Remarks to the "What's Next" Conference of young Democrats, 2.05
By Crispin Sartwell
I am not a Democrat. And I'm not here to inspire you. I'm here to annoy you.
So let me ask y'all a question. Is there something you care about more than winning the next election? For example, curtailment of civil liberties; imprisonment without trial; torture; military adventures based on lies that kill tens of thousands of people? And I don't want you just nodding your heads. I want your push-comed-to-shove response. Let's say it's 2008 and the choice somehow gets to be completely stark: proclaim your enthusiasm for torture or lose. Which will it be? It would be nice if that were not a question, if it was everyone's moral intuition that you can't lives for electoral victory. Indeed, anyone who made such a trade would both an evil coward. But, umä
I don't believe that Kerry's position on the war was ever sincere, either way. That's the reason it was incoherent. I remember a piece in the New Yorker that said that Kerry decided to oppose the war after the Iowa caucuses to take the wind out of Dean's sails. Of course he tacked back and forth almost daily during the general election. Maybe you don't think that's true. If not, we'd really have to get down to the evidence, and I'm not going to do that here.
Here's what I believe about John Kerry. On the Patriot Act, on No Child Left Behind, on war, on gay marriage, on whatever: in every case he voted and spoke with one goal: getting elected president. For Kerry and the Democratic leadership, getting elected was more important that a thousand American lives, more important than tens of thousands of Iraqi lives, more important than the Constitution. Now of course this is more or less just the reality of American politics. But, um, it is morally monstrous. I actually admire a straight-up enthusiastic murderer more than someone who with eyes fully open endorses murder in order to further a certain set of personal ambitions. I do not believe that our sad little species offers up any more despicable choice. Kill because you believe it's the right thing to do and you may be terribly, terribly wrong. Kill because killing polls well and you're not even worth frying.
I've been arguing that, as FDR's administration represented a sort of socialist revolution in America, GWB's represents a fascist revolution. Of course, in both cases the revolution is pretty mild: FDR wasn't Stalin; Bush isn't Hitler. But even if he were, let me put it like this. Hitler is an evil man. But by himself he's just another nutjob. He needs help. But he also needs acquiescence. He needs a whole citizenry and specifically a set of leaders who are just too chickenshit to say stop. Hitler is despicable, but the Vichy collaborators aren't even good enough to be despicable, if you get me: they're too empty. And Hitler can't do his thing without them. Hitler believes something. And other people believe what he believes. But the real nightmare is the people who know he's wrong and still help him herd the jews into the cattle cars.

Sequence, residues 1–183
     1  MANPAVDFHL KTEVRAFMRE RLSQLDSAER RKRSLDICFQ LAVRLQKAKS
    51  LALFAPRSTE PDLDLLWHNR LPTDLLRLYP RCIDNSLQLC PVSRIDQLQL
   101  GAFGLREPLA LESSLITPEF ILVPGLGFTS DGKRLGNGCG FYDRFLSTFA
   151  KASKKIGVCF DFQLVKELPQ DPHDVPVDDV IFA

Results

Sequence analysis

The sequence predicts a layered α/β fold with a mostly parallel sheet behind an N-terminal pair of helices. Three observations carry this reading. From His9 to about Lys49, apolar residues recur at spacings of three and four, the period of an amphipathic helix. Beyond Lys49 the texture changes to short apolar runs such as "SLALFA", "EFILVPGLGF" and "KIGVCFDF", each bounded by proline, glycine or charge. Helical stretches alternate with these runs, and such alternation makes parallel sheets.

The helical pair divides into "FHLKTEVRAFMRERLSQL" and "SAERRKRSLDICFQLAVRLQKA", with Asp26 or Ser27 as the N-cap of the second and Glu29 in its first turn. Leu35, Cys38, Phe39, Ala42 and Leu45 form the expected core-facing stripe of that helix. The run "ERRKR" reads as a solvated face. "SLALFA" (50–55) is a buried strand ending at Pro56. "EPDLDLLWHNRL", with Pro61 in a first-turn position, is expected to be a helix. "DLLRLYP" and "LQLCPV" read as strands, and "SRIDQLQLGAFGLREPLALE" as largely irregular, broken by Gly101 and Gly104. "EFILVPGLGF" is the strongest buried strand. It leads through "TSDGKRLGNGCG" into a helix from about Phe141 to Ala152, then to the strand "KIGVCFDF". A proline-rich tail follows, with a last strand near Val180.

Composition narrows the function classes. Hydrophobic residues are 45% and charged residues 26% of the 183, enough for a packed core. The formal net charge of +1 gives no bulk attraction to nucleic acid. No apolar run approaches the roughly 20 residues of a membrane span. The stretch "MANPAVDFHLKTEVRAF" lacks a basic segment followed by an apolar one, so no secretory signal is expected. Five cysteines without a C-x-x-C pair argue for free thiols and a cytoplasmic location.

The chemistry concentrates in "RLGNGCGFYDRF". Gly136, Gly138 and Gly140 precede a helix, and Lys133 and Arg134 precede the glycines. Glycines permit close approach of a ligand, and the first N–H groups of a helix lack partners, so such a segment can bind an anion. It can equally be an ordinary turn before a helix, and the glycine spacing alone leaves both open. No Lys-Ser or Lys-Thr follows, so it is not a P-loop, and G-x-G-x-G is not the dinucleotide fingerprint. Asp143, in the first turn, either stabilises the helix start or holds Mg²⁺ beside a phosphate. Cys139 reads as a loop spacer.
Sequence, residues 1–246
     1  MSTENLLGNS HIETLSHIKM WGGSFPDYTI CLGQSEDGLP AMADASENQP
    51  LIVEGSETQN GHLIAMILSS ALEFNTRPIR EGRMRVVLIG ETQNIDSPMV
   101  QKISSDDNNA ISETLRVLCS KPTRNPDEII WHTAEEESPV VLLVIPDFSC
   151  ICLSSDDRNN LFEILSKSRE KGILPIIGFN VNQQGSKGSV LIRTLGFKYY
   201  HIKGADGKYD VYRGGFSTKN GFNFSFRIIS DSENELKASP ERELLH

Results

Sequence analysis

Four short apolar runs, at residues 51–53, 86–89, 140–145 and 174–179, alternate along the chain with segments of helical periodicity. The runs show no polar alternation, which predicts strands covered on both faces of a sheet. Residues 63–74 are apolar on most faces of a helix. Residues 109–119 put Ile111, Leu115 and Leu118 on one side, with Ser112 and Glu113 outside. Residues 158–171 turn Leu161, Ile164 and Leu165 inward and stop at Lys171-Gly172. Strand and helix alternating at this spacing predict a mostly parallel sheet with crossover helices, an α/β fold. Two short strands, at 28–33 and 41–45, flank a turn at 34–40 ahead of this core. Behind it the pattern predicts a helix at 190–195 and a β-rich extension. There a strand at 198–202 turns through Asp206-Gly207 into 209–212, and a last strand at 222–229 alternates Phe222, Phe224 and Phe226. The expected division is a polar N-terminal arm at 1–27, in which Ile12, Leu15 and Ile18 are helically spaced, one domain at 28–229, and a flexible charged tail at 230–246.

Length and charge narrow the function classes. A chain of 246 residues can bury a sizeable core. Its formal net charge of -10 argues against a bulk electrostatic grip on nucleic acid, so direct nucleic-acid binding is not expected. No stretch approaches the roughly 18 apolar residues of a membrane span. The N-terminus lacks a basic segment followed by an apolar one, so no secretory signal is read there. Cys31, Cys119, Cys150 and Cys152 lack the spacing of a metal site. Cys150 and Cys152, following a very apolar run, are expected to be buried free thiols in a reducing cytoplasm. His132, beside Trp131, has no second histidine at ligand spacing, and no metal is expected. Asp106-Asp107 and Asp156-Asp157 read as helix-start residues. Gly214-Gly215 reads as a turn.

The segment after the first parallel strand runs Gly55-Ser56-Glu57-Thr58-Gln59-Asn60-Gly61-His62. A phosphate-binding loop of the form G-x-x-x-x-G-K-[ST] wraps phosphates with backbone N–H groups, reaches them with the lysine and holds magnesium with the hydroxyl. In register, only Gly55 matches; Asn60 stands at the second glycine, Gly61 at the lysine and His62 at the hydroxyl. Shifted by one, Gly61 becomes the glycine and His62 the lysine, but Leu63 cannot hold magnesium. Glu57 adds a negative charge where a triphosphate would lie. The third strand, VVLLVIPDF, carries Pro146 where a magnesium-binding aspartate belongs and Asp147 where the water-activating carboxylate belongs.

Here's the modern version of this mess. Your deepest convictions are at the mercy of focus groups. Every goddamn phrase that comes out of your mouth is the result of market research. This sort of thing has always been a problem in politics, of course. But I propose to you that since Clinton/Dick Morris it has become a disease that robs the Democratic party of all content, and turns its leaders into mere configurations of emptiness. Clinton was able to survive this destruction of human personality on a load of charm and expertise. Gore and Kerry, on the other hand, ran as zombies. I voted for Kerry. But I think Kerry ran the most one of the most despicable campaigns in the history of American presidential politics. [other candidates: Buchanan, Humphrey, Nixon]
I hate the Bush administration. But let me utter a few words of praise for Bush's campaign. Bush spoke plainly and took definite and controversial positions. In many cases, these were positions that were polling in the minority. In addition, though I think there are some dishonesties at the heart of the administration, including a willingness to lie to manipulate public opinion and a set of policies that enrich people such as the Cheney and Bush families, I also think that fundamentally Bush and most of the people around him believe that what he's doing is right. That is, to a reasonable extent ≠ to a far, far greater extent than the Kerry campaign ≠ it was a campaign based on convictions. In that sense, even though the policies it endorsed were wrong, for my money, the campaign was fundamentally decent.